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Right now, healthcare providers have the weight of the world on their shoulders. Workers on the front lines are waging battle against a pandemic that has taken lives, livelihoods, and people’s sense of security.

Meanwhile, administrators are trying to keep the doors open, and revenue cycle teams are working tirelessly to protect the financial health of their organization. Revenues are declining due in part to people’s reluctance to seek traditional in-person care, various state orders prohibiting collection activity, and hardships that are making it tough for patients to satisfy their medical needs.

Under these circumstances, proper and effective management of healthcare receivables is paramount.

Last week, I sat down with my colleague Sara Woggerman, compliance consultant at Ontario Systems, for “Managing Patient Receivables in the COVID-19 Era: What Providers Need to Know.” During the webinar, we discussed what providers and their first- and third-party collection partners must do to navigate the crisis—and what they can do to position themselves for long-term stability and success. (Be sure to download the webinar replay here.)
 
 

Collection Practices that Ruin Reputations and Raise Legal Issues

It’s crucial that you clearly define, and clearly understand, how your A/R agents and business associates (first- and third-party collectors) engage patients for collection purposes. Otherwise, you could risk serious harm to your reputation and your business operations.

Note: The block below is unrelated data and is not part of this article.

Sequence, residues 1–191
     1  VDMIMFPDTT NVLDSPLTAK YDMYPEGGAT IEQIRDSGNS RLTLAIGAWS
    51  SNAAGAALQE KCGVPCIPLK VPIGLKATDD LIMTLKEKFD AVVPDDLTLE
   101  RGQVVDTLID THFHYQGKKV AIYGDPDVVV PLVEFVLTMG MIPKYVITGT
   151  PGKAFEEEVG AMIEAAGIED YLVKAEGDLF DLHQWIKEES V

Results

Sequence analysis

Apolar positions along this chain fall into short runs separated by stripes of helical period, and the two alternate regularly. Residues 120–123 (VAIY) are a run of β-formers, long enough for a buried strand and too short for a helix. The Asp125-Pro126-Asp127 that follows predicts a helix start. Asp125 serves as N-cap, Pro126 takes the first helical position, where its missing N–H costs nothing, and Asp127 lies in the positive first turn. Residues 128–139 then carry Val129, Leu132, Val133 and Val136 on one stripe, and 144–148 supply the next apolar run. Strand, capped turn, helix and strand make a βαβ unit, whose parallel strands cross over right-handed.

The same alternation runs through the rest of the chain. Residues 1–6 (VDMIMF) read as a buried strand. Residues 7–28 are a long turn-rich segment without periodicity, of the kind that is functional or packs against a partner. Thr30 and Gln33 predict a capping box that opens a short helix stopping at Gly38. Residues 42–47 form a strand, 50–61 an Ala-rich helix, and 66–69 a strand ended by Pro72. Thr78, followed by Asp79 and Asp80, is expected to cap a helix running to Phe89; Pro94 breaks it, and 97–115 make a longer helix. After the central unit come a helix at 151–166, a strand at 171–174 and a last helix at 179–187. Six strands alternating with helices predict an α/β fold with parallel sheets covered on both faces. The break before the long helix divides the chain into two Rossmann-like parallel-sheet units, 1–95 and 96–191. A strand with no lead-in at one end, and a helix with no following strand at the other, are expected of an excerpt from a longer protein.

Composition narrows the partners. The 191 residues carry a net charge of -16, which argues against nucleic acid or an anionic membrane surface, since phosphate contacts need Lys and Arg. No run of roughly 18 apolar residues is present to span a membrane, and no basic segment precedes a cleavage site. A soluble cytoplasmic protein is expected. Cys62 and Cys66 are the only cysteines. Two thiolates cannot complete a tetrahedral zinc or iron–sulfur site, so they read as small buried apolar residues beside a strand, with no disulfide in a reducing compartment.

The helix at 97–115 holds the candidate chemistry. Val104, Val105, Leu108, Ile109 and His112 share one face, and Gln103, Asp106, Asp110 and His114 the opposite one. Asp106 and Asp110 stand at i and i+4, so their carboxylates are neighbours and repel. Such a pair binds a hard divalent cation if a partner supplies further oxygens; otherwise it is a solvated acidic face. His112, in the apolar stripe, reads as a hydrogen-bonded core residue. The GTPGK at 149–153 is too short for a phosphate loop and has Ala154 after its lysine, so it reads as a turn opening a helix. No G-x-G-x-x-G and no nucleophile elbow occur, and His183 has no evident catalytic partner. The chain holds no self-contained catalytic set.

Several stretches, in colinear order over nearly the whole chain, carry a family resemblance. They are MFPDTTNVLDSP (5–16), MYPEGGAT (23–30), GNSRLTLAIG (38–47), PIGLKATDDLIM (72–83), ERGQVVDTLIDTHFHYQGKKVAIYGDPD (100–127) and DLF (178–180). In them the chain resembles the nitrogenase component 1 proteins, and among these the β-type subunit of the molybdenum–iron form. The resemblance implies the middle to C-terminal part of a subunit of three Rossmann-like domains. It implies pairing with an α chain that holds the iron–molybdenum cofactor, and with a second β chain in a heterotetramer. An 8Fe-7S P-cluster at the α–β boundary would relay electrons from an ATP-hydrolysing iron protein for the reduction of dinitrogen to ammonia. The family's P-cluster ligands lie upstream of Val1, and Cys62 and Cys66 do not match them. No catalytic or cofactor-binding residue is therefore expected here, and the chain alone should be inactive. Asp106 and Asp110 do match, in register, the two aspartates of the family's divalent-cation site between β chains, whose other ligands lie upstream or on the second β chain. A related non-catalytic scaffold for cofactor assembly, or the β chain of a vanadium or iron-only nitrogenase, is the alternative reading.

Here are some of the key issues you’ll need to address to avoid critical missteps.

Are you complying with state orders?

Some states have prohibited all collections activity during this time. We covered specific examples during the webinar, but a good real-time resource for this information is Cornerstone Support’s Coronavirus Guidance. Other solid COVID-19 resources include the National Consumer Law Center, InsideARM, and ACA International.

 

Are you and your collection partners in lockstep?

As part of your pandemic response plan, you should make clear to third-party debt collectors and legal partners your standards and expectations for how they’ll manage your receivables and how they should communicate with patients during COVID-19. Specifically, you will want to discuss your collection partners’ workflow regarding:

  • Content, sufficiency, and applicability of their hardship policy;
  • Process to identify patients who have been impacted financially because of COVID 19;
  • Handling of existing payment arrangements;
  • Requests to waive or suspend interest or payments;
  • Compliance with pandemic state collection restrictions;
  • Status of all litigation and garnishment holds; and
  • Use of national disaster codes when furnishing information to credit reporting agencies.

In addition, your first- and third-party collectors should provide you with regular updates on changes to their collection practices,  changes to state collection restrictions, changes to their policies and procedures, and any complaint trends during this period.

 

Are remote agents complying with HIPAA?

With most collection teams now working remotely, you and your partner agencies should be having conversations about managing HIPAA compliance and the steps they’re taking to keep patient data safe (e.g., communicating with patients within a protected, secure, encrypted environment; working in an enclosed, private area of the home).